One of my goals for 2016 is to make being frugal fun. I want to save money, especially after the holiday spending binge, but at the same time, I hate feeling deprived. As my first challenge of 2016, I tried seeing how many meals I could make for our two-person household using just one whole chicken. The answer: Enough for five meals. Before I suck you in, let me just begin by noting these recipes aren't quick, though they're easy. And it helps a whole lot if you know how to break down a whole chicken, or have a butcher who's able to do that chore. I strongly believe that meat from a whole bird just tastes better, so I encourage everyone to learn to turn whole chicken into pieces. It's not brain surgery! Seriously, I've definitely improved my butchering skills by breaking down a whole chicken. Oh, and did I mention? It's a whole lot cheaper to buy a whole chicken. These four meals, plus leftovers added up to about $30.
1) Prosciutto-wrapped chicken breast
I didn't use a recipe for this preparation, which was inspired by the simple and truly wonderful signature dish at a restaurant in my Seattle neighborhood called Crow. (Yes, it's kind of funny that chicken is a signature dish at Crow.) The breasts are boned out and seasoned with sea salt and freshly ground pepper before being wrapped in one slice of prosciutto. (Or more, if the slices are on the small side.) Preheat the oven to 350 and warm a heavy cast iron skillet over high heat before adding 1/4 cup olive oil. Let the oil heat up until it starts shimmering and add the chicken breast, presentation side down first. That's the side that looks nicest. Turn the heat down to medium high and cook for 5 minutes, lifting the bird to make sure it's not browning too quickly. Turn the breast and place in the oven for 10 minutes. Fried sage leaves make a pretty finish, but you don't need them.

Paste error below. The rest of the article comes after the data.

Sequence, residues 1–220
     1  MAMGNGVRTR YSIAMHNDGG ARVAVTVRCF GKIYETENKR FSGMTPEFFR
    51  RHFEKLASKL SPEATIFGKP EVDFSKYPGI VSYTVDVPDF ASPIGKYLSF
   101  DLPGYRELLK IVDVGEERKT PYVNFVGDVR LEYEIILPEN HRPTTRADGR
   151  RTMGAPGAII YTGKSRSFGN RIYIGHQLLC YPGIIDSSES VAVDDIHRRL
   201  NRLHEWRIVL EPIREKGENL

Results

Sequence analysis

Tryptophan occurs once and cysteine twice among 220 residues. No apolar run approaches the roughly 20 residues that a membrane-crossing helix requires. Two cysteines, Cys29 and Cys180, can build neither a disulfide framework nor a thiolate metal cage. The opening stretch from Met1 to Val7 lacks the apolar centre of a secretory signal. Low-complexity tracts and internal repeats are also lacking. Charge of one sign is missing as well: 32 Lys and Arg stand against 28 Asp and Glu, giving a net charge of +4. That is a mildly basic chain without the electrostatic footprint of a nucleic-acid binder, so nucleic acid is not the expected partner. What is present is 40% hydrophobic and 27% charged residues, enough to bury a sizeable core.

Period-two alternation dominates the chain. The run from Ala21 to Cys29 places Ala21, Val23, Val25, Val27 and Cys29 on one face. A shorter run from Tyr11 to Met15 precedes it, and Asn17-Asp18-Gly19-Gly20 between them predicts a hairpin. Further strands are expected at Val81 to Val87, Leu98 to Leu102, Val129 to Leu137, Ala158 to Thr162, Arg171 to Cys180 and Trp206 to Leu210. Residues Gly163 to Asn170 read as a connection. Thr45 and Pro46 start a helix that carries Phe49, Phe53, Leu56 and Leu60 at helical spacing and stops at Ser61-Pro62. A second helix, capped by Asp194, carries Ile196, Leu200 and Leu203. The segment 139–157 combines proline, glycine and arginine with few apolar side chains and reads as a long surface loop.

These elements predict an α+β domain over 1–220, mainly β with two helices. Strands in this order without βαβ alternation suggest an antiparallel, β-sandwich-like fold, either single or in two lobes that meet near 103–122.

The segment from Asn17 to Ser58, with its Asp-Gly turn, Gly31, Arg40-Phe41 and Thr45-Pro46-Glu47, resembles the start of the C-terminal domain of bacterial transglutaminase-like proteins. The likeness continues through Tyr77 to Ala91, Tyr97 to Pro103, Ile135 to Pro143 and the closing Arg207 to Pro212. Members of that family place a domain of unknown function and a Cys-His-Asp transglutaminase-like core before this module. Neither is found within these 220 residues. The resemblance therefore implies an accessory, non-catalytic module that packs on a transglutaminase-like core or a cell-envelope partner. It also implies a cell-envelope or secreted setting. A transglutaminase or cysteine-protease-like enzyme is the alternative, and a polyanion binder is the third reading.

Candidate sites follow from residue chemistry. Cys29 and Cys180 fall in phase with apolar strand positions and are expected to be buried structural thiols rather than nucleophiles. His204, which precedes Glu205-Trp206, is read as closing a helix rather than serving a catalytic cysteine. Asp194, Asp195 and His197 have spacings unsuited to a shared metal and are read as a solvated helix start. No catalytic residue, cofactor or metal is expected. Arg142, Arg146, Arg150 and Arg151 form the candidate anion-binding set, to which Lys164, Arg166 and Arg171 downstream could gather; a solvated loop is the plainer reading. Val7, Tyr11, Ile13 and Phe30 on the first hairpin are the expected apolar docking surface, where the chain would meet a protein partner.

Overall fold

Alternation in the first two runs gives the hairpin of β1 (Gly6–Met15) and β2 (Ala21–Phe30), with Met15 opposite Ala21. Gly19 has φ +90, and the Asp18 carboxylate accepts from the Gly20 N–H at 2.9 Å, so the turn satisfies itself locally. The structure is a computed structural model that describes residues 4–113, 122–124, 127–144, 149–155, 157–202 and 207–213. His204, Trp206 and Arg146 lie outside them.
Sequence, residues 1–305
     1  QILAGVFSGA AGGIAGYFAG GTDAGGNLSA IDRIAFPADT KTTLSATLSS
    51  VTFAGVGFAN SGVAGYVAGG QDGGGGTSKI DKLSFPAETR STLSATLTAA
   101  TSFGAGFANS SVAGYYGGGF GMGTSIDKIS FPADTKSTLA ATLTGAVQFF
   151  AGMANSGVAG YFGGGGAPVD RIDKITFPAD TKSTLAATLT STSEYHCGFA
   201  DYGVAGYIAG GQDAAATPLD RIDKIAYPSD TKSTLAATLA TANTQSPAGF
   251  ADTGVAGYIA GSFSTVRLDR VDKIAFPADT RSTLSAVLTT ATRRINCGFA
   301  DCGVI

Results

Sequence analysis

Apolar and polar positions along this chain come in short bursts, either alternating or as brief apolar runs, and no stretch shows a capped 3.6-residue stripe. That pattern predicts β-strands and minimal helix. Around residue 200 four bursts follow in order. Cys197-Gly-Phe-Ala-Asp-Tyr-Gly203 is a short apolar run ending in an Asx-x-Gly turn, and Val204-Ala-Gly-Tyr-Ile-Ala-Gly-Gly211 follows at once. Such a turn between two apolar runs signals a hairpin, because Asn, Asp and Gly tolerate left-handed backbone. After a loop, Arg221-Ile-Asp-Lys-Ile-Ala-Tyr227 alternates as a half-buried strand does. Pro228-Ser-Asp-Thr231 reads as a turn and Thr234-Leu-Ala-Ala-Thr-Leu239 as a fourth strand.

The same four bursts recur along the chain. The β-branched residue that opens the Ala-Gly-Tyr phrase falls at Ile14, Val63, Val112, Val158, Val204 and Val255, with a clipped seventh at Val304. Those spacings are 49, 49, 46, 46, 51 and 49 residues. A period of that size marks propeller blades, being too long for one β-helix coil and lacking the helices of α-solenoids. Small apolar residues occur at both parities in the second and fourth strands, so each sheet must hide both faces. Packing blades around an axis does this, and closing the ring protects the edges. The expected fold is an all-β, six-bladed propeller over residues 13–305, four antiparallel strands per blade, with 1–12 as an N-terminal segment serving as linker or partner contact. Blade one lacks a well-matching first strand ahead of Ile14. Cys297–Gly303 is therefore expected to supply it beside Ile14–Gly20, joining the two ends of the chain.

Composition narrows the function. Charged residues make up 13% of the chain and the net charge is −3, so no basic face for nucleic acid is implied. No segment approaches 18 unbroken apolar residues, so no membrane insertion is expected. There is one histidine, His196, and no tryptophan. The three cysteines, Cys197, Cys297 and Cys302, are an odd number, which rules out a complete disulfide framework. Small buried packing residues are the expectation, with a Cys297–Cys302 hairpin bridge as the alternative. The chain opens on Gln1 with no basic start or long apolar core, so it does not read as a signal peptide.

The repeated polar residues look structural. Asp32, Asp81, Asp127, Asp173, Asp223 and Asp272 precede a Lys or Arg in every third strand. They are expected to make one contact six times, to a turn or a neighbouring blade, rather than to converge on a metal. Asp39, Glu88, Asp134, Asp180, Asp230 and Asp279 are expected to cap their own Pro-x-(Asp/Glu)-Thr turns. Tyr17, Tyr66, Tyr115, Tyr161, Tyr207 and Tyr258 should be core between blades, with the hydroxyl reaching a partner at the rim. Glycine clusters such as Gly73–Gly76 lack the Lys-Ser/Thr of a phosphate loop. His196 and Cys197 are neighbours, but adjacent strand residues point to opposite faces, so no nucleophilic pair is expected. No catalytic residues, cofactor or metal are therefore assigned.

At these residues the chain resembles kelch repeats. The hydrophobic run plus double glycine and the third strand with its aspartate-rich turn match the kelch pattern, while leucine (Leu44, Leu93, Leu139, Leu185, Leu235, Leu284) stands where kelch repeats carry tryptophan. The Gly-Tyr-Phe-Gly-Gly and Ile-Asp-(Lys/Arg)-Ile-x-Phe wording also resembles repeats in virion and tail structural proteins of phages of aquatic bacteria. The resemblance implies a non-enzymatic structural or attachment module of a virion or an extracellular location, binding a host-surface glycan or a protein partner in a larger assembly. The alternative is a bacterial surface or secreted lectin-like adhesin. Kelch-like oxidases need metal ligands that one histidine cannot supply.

My take on chicken cacciatore is to go minimalist. No bell peppers, but instead a few crushed allspice berries add so much flavor, a tip I picked up from my aunt Josephine, who was born in Rome. The thighs and legs were separated so this dish had four pieces braised in the rich red sauce. Served with sauce smothered pasta on the side, there were leftovers for lunch the next day.
After removing the breasts, the legs and thighs, I made a chicken stock in my slow cooker. So. Darned. Easy. After cooling the stock overnight and skimming off the fat, I added a couple of cups of homemade pinto beans, a 12-ounce can of fire-roasted tomatoes and chilis, and some of the meat I'd removed from the carcass after it had simmered for an hour in the slow cooker. Just before serving, I added a cup of shredded cabbage for crunch, and topped the soup with sliced avocados and crushed tortilla chips. Lots of leftovers, this soup was even better for dinner on Day 5.
Three cups of the chicken stock were the backbone of this popular Italian rice dish that some cooks avoid because there's the myth that you must stand over the pot, stirring endlessly. Not true. Here's my trick, which I learned from the James Beard Foundation award-winning chef Holly Smith: Warm the stock and add just enough to cover the rice. Let it simmer, stirring just a couple of times. Add more stock as it evaporates until the rice is tender, but not mushy. Also, chef Holly uses carnaroli rice at her lovely Cafe Juanita instead of the traditionally arborio. It's genius because it expands during cooking, which means, you guessed it. More leftovers.
My one regret in this experiment is that I had sauteed the chicken liver, intending to mash it and add bits of it to the risotto, but it was in a container that got shoved to the back of the fridge and I forgot all about it until it was too late. Not a total loss, though. I spread it on crostini and served it with a glass of red wine before dinner one night the following week.